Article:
by Risa Green
After eight and a half years, I have finally surrendered. I fought hard, I fought courageously, and I fought smart, but alas, the terrorists have won. In the battle that I have been waging with my children’s refusal to eat anything but chicken tenders, pasta and cheese products, I am, ultimately, waving the white flag.
I have used every tactic available to me. There were sneak attacks, like hiding squash and carrot puree in their quesadillas, or zucchini and cauliflower in their mac and cheese. But, like bomb-sniffing dogs, they were able to sniff it out time and time again. I tried intimidation, threatening punishments and withholding dessert if unbreaded chicken wasn’t consumed. I tried negotiating, but I learned the hard way that you don’t negotiate with terrorists. I even, I’m ashamed to say, used torture. There was no waterboarding, but I did once force my daughter to try to a green bean while she was in the bathtub. The pictures of her retching and vomiting while naked in the bath were leaked to the press and circulated on the internet, resulting in official inquiries by those liberals who call themselves grandparents and have no real concept of the imminent danger at hand.
My mission was not, however, a total failure. In my quest to train my children to fight the food enemies on their own, without the need for parental intervention, I did make some advances. My daughter, for example, will now eat skirt steak (though no other type of steak), so long as it is doused in soy sauce. My son genuinely enjoys green peas. I wasn’t, however, able to make any headway into fish, mushrooms, or anything involving sausage. The various expert generals of nutrition who helped me strategize meant well, but in the end they vastly underestimated my opponents. No matter how many times I exposed my children to chicken marsala, brussel sprouts and salmon, they never once expressed interest in tasting any of it. No matter how many times I put dessert on the table with dinner in order to put a stop to the nightly, ‘how many bites do I have to eat’ interrogation, they never saw dessert as just another food. No matter how many afternoons I spent scouring the internet for recipes containing no offensive ingredients, they still never ate what I made.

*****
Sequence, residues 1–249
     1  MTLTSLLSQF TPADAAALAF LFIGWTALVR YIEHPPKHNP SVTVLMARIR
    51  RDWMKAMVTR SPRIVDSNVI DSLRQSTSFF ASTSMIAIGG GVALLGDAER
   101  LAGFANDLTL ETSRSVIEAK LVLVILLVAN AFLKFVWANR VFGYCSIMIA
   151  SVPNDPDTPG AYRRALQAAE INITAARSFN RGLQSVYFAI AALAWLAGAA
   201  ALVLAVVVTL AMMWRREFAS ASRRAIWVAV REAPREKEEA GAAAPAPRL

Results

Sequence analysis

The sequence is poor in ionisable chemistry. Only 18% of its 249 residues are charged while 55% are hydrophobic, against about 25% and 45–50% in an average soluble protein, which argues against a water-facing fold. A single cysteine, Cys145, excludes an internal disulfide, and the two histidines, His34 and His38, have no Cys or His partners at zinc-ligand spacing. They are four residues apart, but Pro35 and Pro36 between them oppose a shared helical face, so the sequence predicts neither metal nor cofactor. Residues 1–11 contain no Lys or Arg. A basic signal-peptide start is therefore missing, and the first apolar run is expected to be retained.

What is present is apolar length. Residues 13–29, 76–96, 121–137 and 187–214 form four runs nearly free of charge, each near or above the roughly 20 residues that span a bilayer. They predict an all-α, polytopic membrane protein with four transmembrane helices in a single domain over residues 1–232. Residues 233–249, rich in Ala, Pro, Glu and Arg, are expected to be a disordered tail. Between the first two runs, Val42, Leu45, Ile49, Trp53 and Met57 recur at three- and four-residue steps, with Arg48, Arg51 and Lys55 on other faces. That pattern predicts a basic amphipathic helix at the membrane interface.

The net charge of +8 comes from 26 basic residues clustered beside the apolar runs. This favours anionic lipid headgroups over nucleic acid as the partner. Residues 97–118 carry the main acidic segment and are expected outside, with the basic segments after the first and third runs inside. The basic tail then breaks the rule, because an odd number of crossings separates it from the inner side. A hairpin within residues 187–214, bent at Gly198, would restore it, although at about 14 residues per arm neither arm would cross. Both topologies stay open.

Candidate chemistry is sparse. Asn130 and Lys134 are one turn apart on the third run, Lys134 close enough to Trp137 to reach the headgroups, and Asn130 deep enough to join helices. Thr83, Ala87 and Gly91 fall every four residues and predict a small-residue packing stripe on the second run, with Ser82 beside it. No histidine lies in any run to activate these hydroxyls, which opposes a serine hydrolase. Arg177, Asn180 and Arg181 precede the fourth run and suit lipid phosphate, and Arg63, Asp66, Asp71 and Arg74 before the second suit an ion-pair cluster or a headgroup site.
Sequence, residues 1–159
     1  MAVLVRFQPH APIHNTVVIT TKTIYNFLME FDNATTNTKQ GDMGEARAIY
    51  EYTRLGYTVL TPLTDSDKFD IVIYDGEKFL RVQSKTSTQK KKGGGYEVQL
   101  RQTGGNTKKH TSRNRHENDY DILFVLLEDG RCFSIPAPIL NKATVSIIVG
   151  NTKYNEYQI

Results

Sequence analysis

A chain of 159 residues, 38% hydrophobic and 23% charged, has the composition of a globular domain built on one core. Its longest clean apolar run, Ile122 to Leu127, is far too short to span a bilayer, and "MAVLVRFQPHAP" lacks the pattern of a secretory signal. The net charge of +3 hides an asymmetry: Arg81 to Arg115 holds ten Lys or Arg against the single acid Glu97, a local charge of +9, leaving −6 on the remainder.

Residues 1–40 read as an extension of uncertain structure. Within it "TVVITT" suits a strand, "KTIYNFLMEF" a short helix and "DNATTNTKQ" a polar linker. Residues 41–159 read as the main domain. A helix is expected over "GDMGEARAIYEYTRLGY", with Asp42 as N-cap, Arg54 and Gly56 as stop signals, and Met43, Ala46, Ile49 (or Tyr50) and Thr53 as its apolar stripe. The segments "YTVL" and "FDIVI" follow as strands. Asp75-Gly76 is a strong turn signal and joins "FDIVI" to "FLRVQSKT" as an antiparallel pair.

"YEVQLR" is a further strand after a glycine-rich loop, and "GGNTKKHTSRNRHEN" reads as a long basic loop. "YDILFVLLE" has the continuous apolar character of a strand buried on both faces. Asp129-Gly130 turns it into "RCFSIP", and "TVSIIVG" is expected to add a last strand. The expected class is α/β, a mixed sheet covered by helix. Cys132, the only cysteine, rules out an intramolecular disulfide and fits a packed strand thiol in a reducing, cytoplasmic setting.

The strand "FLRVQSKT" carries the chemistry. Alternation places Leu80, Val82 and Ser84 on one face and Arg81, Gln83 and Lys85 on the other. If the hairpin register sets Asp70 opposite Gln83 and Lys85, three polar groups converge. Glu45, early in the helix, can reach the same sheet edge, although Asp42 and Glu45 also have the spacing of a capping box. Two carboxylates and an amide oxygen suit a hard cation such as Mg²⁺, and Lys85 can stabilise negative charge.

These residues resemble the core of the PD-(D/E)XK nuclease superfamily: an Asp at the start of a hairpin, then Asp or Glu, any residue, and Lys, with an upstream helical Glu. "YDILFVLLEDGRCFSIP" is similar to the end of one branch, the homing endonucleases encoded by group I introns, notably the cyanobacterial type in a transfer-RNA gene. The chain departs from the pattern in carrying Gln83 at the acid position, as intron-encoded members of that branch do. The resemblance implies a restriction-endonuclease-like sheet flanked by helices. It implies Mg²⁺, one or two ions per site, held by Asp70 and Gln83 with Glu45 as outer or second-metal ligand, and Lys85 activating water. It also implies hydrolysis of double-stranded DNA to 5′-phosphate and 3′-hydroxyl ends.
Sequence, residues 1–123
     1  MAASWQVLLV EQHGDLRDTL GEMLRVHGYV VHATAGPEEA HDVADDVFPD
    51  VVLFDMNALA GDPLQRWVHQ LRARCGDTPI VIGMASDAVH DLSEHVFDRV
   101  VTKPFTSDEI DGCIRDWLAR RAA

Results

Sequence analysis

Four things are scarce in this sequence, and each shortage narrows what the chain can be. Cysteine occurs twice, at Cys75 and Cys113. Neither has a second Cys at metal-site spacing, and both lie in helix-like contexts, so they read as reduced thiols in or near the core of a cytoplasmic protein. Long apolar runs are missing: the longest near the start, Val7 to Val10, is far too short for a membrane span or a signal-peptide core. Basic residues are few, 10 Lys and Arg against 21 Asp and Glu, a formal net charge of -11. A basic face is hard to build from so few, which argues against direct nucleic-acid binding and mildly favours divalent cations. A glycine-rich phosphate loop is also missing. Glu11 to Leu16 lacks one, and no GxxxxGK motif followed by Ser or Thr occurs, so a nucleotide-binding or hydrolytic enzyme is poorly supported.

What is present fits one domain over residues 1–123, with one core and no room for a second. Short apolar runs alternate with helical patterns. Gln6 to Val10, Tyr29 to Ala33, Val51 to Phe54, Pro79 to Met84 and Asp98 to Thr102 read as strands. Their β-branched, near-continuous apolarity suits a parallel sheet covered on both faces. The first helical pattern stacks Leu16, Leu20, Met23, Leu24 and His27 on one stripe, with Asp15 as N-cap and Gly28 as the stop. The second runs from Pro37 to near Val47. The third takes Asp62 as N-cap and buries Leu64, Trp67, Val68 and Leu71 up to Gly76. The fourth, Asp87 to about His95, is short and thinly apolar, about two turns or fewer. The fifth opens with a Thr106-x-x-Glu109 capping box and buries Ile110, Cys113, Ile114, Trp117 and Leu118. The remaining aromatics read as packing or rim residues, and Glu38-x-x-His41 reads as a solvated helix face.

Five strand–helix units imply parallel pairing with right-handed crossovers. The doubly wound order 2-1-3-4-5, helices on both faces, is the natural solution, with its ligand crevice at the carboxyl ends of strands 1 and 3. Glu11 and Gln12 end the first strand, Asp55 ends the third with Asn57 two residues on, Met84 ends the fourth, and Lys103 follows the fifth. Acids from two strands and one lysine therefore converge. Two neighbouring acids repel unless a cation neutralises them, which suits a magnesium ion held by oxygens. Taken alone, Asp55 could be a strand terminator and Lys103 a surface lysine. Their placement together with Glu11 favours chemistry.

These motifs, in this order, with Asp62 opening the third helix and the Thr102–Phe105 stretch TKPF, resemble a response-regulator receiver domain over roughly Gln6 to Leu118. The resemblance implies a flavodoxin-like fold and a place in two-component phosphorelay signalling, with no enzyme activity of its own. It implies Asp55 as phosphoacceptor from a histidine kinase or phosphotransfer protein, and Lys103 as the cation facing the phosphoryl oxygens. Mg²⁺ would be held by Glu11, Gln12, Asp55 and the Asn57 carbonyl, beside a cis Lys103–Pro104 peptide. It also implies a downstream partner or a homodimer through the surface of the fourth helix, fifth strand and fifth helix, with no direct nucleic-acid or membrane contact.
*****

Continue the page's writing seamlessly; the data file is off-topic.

So, after countless losses and (very) few victories, I’ve made the decision to withdraw my troops, leaving my kids more or less as they were when we began this whole endeavor. There were, of course, some concessions on both sides: I will allow them to eat chicken tenders as often as they want, but only if they are breaded with whole wheat breadcrumbs and baked instead of fried (Earth’s Best makes an excellent, frozen version of this). Further, I will allow them to eat pasta without sauce, but instead of butter and a lot of salt, I will prepare it using extra virgin olive oil and a little salt. Finally, if there is no acceptable vegetable on the table, then raw carrot sticks can be substituted at any time.
We still have our ideological differences, and I’m sure we always will. But since the treaty took effect last week, there has been peace at our dinner table. And really, I can’t think of a better way to start the new year, than with peace.